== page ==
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ESA Policy News: April 9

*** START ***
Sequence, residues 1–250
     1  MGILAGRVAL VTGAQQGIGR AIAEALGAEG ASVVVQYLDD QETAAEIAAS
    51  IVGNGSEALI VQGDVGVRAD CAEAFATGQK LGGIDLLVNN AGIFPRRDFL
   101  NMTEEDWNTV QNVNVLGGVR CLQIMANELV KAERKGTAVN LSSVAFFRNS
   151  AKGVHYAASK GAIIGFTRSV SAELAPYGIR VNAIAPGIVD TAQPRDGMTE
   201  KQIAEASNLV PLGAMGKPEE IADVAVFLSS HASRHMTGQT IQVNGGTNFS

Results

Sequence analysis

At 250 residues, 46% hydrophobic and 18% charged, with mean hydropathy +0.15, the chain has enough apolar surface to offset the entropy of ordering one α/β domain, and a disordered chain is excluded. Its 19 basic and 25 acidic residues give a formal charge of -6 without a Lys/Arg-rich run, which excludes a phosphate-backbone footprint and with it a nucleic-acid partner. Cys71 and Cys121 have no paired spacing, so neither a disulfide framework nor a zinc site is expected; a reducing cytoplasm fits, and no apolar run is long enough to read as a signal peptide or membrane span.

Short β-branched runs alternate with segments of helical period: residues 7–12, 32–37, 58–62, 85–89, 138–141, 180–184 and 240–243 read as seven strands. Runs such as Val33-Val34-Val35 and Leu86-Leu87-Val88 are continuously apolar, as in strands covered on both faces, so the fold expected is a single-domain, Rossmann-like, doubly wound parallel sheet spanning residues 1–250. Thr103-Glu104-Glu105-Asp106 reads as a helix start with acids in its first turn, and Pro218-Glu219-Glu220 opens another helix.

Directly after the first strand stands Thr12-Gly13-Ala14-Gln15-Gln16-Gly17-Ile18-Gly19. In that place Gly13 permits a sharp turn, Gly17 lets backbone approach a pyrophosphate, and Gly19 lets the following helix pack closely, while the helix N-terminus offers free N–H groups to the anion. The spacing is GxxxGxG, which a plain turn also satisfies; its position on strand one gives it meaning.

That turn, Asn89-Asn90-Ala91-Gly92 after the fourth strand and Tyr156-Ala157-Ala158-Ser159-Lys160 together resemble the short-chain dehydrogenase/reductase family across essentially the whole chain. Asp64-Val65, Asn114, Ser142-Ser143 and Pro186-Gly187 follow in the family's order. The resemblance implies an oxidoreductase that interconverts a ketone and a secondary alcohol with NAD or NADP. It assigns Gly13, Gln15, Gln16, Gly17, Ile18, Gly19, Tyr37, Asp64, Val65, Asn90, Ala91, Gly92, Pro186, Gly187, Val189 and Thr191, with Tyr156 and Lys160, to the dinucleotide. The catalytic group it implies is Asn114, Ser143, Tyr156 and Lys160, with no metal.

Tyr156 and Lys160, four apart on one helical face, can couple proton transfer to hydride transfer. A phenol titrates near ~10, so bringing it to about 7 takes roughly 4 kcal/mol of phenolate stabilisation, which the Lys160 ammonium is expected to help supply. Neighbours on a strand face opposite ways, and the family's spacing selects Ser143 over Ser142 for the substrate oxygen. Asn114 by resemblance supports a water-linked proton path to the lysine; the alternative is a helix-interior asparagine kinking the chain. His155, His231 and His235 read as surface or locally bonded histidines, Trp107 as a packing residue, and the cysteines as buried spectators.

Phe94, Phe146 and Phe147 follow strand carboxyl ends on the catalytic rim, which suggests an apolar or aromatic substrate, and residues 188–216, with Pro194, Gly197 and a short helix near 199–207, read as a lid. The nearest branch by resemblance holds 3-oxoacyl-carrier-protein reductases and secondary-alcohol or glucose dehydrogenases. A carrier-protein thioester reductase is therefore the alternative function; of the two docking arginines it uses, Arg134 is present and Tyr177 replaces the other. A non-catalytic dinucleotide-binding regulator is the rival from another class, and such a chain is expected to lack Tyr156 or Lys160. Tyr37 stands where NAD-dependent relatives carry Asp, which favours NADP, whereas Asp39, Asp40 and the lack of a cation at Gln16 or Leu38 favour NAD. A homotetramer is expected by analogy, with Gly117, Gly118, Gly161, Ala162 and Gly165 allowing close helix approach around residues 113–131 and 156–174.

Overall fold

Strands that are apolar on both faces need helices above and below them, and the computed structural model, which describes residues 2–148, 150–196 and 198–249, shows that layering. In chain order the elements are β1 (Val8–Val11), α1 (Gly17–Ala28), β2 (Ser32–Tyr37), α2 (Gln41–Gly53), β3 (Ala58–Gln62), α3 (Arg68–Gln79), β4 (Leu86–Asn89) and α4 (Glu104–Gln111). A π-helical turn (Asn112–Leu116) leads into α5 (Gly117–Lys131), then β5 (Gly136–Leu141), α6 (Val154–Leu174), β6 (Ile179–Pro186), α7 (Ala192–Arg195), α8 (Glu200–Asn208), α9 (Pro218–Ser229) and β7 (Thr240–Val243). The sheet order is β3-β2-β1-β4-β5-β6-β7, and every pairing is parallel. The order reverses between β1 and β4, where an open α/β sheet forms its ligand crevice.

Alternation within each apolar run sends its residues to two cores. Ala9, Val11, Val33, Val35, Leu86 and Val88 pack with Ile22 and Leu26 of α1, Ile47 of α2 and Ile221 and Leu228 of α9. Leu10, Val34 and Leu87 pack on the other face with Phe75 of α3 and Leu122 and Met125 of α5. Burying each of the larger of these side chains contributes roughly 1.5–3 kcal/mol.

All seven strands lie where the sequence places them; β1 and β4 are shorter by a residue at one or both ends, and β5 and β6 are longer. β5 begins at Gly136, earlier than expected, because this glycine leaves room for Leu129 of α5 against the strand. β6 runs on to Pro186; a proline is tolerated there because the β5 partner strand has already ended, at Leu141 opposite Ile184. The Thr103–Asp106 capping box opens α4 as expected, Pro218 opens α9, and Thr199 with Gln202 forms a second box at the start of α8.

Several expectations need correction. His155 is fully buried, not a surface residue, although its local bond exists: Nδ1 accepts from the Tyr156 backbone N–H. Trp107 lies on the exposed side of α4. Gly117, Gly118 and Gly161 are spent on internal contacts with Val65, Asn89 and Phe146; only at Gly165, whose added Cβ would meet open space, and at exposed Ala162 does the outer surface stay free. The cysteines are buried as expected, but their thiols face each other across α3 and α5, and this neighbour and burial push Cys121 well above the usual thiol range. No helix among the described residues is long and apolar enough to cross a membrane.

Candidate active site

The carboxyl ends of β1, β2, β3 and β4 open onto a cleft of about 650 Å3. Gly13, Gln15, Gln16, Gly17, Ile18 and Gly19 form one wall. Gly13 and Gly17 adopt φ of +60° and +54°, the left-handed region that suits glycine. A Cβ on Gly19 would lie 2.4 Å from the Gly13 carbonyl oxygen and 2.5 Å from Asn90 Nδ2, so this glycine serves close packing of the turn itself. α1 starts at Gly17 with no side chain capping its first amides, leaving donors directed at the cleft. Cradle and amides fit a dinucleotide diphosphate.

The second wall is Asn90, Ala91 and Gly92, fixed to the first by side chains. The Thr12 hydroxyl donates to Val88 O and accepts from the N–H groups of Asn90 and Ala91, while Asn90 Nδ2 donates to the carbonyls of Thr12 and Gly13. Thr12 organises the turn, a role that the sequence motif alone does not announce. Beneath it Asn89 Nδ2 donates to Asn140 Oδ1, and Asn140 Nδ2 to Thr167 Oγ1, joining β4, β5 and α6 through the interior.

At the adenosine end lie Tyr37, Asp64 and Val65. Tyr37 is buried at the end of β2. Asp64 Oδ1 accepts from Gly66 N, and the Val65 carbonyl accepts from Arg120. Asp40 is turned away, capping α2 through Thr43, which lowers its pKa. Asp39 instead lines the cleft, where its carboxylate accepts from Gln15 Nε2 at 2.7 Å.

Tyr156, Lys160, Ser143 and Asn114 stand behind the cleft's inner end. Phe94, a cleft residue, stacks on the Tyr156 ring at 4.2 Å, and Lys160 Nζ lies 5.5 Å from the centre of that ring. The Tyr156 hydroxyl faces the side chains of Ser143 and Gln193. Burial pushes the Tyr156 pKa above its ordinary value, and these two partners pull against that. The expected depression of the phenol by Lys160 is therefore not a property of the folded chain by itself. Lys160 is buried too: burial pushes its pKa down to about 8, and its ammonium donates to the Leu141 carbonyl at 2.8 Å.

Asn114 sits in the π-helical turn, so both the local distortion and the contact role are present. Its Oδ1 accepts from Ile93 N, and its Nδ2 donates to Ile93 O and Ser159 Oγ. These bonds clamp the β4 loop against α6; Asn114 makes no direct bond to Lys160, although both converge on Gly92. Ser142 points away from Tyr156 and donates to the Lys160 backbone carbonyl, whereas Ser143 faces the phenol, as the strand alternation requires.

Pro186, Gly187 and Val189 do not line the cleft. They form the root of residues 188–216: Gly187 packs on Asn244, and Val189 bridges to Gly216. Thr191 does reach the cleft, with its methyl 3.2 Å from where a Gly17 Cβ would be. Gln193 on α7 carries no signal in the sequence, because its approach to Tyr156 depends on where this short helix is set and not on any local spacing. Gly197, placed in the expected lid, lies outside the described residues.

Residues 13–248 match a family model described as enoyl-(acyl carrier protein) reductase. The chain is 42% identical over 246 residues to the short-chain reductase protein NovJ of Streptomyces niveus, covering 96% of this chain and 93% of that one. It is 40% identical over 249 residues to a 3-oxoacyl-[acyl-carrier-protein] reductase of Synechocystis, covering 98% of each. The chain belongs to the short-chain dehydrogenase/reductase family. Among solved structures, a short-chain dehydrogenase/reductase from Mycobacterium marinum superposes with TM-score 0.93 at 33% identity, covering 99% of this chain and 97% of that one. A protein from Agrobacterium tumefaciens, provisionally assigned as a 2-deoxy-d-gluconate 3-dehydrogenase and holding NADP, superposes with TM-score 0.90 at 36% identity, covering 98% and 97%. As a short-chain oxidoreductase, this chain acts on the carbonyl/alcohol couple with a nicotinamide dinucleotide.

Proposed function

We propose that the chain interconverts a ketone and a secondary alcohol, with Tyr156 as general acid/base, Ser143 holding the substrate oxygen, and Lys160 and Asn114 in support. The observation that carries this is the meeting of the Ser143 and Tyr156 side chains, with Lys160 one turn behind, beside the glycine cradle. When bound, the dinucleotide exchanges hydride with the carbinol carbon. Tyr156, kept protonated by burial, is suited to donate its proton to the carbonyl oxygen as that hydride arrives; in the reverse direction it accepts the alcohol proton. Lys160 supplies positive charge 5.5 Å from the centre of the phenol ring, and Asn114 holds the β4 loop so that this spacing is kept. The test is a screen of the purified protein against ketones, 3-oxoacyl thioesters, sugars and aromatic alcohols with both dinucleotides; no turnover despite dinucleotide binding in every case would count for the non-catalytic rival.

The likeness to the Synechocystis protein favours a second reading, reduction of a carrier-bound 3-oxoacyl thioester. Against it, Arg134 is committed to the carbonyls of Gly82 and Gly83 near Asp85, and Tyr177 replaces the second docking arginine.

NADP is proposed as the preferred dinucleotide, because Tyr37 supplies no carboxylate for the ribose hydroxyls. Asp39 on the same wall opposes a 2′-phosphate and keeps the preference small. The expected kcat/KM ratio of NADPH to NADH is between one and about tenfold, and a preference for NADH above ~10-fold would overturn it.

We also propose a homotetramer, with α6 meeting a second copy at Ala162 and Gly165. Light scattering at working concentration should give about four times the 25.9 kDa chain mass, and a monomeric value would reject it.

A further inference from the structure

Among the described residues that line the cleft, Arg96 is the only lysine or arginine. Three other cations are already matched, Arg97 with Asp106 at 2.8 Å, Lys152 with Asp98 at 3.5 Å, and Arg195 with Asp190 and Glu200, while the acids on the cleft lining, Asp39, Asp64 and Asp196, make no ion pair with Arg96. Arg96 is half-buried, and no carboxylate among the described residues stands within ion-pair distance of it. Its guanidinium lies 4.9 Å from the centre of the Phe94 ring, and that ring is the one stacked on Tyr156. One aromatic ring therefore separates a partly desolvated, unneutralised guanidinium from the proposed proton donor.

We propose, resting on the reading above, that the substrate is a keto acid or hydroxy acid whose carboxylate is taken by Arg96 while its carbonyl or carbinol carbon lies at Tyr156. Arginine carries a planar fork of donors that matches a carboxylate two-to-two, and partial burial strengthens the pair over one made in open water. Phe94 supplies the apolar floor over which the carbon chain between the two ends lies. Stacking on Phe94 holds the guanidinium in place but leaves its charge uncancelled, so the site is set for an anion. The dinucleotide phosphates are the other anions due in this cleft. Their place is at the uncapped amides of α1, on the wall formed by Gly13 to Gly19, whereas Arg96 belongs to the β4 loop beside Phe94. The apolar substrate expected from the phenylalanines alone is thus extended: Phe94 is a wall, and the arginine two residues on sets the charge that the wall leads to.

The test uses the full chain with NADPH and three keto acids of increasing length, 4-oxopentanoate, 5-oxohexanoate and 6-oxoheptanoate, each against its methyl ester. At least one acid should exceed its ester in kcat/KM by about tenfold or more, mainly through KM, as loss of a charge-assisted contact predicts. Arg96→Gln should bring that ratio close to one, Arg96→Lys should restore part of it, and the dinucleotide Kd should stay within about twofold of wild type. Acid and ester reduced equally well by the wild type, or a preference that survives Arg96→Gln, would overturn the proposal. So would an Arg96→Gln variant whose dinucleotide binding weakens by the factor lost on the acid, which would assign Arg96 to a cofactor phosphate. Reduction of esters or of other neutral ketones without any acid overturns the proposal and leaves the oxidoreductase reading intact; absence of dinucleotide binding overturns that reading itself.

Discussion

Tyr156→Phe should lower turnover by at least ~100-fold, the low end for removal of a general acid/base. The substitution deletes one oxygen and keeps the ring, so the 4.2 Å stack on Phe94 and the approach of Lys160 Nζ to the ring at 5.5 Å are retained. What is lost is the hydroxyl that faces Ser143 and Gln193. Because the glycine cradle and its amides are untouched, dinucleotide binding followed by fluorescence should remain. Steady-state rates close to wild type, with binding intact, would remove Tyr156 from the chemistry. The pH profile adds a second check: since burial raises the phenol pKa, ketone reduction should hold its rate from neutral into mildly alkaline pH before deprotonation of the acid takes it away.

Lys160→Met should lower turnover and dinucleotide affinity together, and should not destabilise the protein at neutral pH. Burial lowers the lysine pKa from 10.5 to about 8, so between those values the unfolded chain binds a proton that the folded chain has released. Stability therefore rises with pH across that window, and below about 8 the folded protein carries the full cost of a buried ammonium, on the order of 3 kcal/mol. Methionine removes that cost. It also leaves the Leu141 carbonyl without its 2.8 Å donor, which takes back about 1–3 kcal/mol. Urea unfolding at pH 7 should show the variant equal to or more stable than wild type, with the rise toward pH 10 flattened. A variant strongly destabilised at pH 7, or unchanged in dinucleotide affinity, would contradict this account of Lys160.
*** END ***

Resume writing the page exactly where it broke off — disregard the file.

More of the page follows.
Here are some highlights from the latest ESA Policy News by Science Policy Analyst Terence Houston.  Read the full Policy News here. HOUSE: GOP BUDGET SETS FURTHER DISCRETIONARY SPENDING CAPS On March 29, the U.S. House of Representatives passed House Budget Committee Chairman Paul Ryan’s (R-WI) proposed budget resolution for Fiscal Year (FY) 2013. The bill passed by a vote of 228-191 with 10 Republicans joining all Democrats in voting against the bill. The non-binding resolution sets discretionary spending at $1.028 trillion, $19 billion below the $1.047 trillion agreed upon during the compromise enacted under the Budget Control Act (P.L. 112-25). The budget resolution typically serves as a maximum funding ceiling for congressional appropriators to work from as House and Senate appropriation bills are drafted and marked-up in the spring and summer. Under the House-passed resolution, H. Con. Res. 112, environmental spending, including the Environmental Protection Agency, the National Oceanic and Atmospheric Administration and other agencies, would take a $4.1 billion hit, sinking to budget authority levels not seen since 2001. The funding cut is nearly double the $2.3 billion reduction proposed by President Obama’s FY 2013 budget request. At the same time, the House budget bill would seek to increase revenue by expanding oil and gas drilling. The 10 Republicans voting against the budget were Reps. Justin Amash (MI), Joe Barton (TX), John Duncan (TN), Chris Gibson (NY), Tim Huelskamp (KS), Walter Jones (NC), David McKinley (WV), Todd Platts (PA), Denny Rehberg (MT) and Ed Whitfield (KY). The rationale for the opposition varied. Some members supported a more far-reaching resolution offered by the far-right conservative Republican Study Committee that claims it would balance the budget in five years through more severe cuts. Other Republicans objected to the proposed changes to Medicare. For additional information on Chairman Ryan’s budget, see the March 23 edition of ESA Policy News. HOUSE: SCIENCE COMMITTEE REVIEWS NOAA WEATHER FORECASTING SYSTEMS On March 28, the House Science, Space and Technology Subcommittee on Energy and Environment convened to examine the National Oceanic and Atmospheric Administration’s (NOAA) weather forecasting methods. The hearing focused on the broad range of technologies available to gather weather and climate data and whether those technologies could improve weather forecasting methods. In addition to representation from NOAA, the committee heard from several witnesses from the private sector who discussed how they could provide the same weather collection data for less money. Committee Republicans were critical of NOAA for allocating 40 percent of its proposed $5.1 billion Fiscal Year 2013 budget towards its two satellite programs, the Joint Polar Satellite System (JPSS) and the Geostationary Operational Environmental Satellite R-Series (GOES-R), at the expense of...